And the Angels Taylor Cole and Felix Pena would combine to throw a no-hitter, the facts and figures of which would mesh to produce a series of statistical coincidences mirroring Skaggs life and career: The Angels scored seven runs in the first inning of a 13-0 win. Skaggs birthday? July 13.

(Photo by Simon Bruty/Anychance/Getty Images)

The Wimbledon final that wouldn’t end

There is nothing quite like a Wimbledon men’s final. To borrow a phase, it’s the crowned jewel of the sport’s season, a spectacle which helps pass the time on an otherwise quiet summer morning.

And when Novak Djokovic and Roger Federer are playing, it just makes everything about it so much better. And on this day, they not only played tennis, they played with our minds with a relentless series of give-and-take that carried the match into the gloaming of the day.

The pair played the longest men’s singles final in tournament history, one that spanned four hours, 57 minutes and ended with a fifth-set tiebreaker at 12-all. Finally, Djokovic wore down Federer 7-6, 1-6, 7-6, 4-6, 13-12 to win his fifth tournament title.

Big Papi

(Photo by Billie Weiss/Boston Red Sox/Getty Images)

Big Papi is shot

There is no more charismatic figure in the nation’s four major sports than David Ortiz – Big Papi to the Major League Baseball fans who had grown to love and adore him. He was at the forefront of the Red Sox first World Series championship in 86 years and the city’s voice of defiance in the wake of the Boston Marathon bombings.

When he was shot at a nightclub in June during what looked like an apparent assassination attempt in the Dominican Republic, sports fans recoiled in shock wondering why anyone would want him dead.

Eventually, a long investigation proved Ortiz was simply an unfortunate victim of mistaken identity, that the bullet that nearly killed him was not meant for him.

The city and his fans prayed for his recovery and in September were rewarded when Ortiz returned to Fenway Park to throw out the first pitch at a Red Sox game. In the fall, he was again a regular on Fox’s coverage of the MLB playoffs.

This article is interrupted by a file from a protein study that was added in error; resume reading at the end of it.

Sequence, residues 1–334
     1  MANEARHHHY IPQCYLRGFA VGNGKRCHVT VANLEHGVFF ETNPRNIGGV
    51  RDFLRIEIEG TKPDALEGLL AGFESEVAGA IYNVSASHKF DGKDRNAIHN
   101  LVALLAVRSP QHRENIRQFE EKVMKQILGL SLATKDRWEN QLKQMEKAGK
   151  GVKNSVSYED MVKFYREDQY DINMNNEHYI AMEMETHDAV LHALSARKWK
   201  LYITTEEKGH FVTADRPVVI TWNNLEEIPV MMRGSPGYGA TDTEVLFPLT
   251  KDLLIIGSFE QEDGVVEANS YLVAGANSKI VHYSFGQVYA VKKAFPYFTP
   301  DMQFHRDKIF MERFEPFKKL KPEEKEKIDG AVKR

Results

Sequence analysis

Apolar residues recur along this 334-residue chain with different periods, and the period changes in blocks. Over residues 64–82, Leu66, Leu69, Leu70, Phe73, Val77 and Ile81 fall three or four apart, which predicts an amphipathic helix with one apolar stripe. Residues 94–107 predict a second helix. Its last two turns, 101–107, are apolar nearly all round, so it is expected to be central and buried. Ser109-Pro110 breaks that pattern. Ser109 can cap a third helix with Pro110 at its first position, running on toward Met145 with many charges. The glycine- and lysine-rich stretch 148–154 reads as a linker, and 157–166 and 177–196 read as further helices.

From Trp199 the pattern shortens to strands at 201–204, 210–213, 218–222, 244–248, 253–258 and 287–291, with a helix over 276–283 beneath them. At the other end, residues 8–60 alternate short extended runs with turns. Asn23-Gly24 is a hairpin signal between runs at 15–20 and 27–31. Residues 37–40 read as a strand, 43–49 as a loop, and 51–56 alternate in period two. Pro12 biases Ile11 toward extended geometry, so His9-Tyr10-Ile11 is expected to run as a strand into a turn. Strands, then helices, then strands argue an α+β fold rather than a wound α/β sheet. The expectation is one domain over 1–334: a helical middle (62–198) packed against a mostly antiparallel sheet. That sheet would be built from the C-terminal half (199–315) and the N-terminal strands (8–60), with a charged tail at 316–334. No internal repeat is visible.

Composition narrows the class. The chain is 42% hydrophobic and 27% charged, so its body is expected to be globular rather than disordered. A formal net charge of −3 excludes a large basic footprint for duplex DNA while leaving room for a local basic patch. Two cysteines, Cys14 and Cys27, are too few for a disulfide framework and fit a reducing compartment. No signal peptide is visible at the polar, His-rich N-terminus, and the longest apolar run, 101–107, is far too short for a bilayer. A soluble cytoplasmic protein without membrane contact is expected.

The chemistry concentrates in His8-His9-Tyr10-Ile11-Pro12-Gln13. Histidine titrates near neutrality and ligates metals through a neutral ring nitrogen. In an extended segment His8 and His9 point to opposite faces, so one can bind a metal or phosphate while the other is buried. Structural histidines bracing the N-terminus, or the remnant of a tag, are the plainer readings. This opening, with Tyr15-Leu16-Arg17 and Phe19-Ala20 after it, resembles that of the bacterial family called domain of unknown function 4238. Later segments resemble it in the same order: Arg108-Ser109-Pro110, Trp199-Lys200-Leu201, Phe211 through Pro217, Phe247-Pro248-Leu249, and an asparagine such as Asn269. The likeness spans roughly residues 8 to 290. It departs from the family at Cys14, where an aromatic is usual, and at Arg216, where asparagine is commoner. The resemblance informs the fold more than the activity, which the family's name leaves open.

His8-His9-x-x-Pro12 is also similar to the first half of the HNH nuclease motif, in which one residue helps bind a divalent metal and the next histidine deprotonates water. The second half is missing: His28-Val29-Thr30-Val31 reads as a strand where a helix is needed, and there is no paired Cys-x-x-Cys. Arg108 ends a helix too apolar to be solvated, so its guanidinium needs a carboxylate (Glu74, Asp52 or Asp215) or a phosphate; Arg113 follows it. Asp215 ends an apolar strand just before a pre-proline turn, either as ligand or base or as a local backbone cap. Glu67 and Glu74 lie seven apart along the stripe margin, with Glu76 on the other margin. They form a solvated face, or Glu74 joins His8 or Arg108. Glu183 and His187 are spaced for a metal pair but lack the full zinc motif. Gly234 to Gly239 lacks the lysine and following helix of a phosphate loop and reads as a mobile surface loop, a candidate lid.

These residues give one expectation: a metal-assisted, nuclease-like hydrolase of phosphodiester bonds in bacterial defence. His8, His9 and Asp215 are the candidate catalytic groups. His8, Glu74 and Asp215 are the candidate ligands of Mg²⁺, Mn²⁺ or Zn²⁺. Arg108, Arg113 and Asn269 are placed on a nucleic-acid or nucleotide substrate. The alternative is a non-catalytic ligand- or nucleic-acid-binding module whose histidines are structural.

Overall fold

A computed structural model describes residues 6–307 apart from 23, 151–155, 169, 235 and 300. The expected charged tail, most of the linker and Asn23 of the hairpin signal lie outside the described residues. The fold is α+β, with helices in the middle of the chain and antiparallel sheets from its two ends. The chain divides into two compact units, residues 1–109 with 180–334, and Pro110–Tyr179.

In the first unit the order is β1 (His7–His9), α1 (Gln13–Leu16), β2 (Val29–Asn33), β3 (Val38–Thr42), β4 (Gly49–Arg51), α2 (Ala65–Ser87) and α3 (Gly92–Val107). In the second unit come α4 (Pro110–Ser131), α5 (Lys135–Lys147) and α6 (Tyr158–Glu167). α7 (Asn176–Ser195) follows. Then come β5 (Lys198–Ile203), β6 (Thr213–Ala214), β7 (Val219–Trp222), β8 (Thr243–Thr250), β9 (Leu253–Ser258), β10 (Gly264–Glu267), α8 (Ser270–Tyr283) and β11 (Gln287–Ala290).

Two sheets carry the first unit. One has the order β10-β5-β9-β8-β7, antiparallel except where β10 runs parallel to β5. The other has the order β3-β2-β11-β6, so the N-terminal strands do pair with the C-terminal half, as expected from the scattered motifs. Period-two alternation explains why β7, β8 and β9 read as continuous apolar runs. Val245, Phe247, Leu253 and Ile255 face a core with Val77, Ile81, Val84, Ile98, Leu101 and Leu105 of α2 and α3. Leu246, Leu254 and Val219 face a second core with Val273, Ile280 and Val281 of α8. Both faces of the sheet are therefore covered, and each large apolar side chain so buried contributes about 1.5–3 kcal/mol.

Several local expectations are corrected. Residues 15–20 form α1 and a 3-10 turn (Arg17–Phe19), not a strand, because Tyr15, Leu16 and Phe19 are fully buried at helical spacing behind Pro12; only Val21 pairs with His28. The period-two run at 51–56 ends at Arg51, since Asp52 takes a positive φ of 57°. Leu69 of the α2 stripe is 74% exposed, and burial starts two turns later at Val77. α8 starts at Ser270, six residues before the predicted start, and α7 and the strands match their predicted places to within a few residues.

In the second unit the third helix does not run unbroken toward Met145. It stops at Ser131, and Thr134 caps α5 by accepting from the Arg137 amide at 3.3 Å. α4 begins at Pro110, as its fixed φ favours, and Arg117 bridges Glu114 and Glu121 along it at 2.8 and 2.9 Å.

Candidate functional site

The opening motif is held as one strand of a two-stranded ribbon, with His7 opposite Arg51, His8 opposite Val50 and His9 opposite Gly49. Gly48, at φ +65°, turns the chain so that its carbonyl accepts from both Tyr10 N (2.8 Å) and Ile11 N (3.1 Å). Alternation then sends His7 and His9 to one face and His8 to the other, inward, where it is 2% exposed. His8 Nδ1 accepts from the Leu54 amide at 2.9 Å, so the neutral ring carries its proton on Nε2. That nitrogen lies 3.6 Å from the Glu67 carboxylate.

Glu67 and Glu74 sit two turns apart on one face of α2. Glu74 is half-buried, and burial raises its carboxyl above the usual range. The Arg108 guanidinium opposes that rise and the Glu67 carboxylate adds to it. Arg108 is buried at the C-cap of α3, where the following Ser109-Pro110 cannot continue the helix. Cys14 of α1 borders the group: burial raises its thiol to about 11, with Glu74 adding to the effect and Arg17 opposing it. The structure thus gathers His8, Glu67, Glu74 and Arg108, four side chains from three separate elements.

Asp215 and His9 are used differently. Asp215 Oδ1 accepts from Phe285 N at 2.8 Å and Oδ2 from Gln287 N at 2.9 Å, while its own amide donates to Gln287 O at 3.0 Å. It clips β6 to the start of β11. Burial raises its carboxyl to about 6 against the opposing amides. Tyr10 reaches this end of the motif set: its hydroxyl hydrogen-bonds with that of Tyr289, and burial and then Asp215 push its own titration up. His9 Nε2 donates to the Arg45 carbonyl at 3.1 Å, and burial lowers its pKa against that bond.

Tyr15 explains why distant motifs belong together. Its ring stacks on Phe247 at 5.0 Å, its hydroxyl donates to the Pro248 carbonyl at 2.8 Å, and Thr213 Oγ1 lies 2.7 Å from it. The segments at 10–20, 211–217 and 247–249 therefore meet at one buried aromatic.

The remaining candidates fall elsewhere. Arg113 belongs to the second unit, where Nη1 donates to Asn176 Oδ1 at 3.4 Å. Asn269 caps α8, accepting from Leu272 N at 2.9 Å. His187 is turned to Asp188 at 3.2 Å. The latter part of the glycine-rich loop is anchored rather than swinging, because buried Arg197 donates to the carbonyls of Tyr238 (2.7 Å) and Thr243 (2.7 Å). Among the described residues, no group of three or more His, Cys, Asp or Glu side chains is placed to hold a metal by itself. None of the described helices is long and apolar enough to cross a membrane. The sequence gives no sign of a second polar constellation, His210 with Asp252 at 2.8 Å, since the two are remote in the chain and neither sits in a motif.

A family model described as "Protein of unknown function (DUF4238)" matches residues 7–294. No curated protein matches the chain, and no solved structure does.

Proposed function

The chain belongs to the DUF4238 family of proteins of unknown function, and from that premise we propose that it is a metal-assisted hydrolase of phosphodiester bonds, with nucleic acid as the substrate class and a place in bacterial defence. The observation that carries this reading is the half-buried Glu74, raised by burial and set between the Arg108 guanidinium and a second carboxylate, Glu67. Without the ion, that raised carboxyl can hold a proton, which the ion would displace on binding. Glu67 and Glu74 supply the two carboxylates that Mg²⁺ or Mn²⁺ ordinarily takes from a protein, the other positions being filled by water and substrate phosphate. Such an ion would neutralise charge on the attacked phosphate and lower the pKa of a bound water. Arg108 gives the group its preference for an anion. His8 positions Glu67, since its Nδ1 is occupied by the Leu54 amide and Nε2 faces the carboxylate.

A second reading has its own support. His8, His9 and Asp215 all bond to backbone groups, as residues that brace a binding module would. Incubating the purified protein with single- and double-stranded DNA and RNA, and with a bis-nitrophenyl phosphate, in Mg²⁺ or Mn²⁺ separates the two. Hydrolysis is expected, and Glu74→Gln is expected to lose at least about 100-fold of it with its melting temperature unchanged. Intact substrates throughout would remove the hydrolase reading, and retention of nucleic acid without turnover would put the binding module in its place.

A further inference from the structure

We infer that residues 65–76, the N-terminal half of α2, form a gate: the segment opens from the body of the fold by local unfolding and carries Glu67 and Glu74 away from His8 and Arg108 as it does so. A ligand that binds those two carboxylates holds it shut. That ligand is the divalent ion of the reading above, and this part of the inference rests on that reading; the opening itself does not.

Zion Williamson

(Photo by Streeter Lecka/Getty Images)

It must be the shoe

This was the year of Zion Williamson in men’s college basketball. The big lug descended on Duke with a bunch of other superior freshmen and refocused the attention on Cameron Indoor Stadium as he dunked and ball-handled his way into the national spotlight, drawing comparisons to a young Lebron James.

On Feb. 20, Duke and North Carolina played at Cameron before a national cable audience juiced to see what was coming next from its new icon. Little did it suspect that something unbelievable was about to happen.

Thirty-three seconds into the game, while making a cut at the top of the key, Williamson’s Nike sneaker essentially exploded off his foot, causing him to awkwardly fall to the floor and sprain a knee.

Immediately the cameras focused in on former President Barack Obama. His wide-eyed look, the word “shoe” coming from his lips, was all you needed to know that a major news story was unfolding.

What resulted was Nike’s self-examination of the safety of its sneaker and a national debate about whether Williamson should even risk future injury – and jeopardize his NBA draft status – by playing another college game.

Of course, Williamson did return, again wearing Nikes. And the world did not end. Williamson was the first pick in the NBA Draft by the New Orleans Pelicans.

Kentucky Derby

(Photo by Ian Johnson/Icon Sportswire via Getty Images)

The greatest two minutes in sports

There is nothing more majestic than the Kentucky Derby, the first-leg of horse racing’s Triple Crown, the harbinger of spring. Under normal circumstances, it’s the most genteel of sporting events, bound by its traditions and the sense of fair play.

That all changed with the 145th running of the event at Churchill Downs. At first, we had a winner, Maximum Security, the overwhelming favorite, thundered down the back stretch in the manner most expected from him.

But in reviewing the race, officials determined Maximum Security had illegally swerved into the path of War Of Will. Intentionally or not, he had impeded the progress of a competitor.

As a result, for the first time in the history of the race, a champion was stripped of his title. Maximum Security was disqualified, the title bestowed upon a 65-1 underdog, Country Horse, who had finished far behind.

Pete Alonso

(Photo by Jim McIsaac/Getty Images)

A new home run king

It was the year of the home run in Major League Baseball. Whether it was because of the height of the laces, a differential in air resistance or the simple fascination of players with hitting the ball as far as they could, the number of homers increased to 6,776.

There was no home run hitter in the game more prodigious than Pete Alonso of the New York Mets. First he won the Home Run Hitting contest at the All-Star Game. And then he turned his sights on a Major League record.

When Alonso homered off Atlanta’s Mike Foltynewicz on September 29 at Citi Field in New York, he broke Aaron Judge’s record by clubbing his 53rd – the most by any rookie in Major League history. He would also become the first rookie to league the Majors in homers.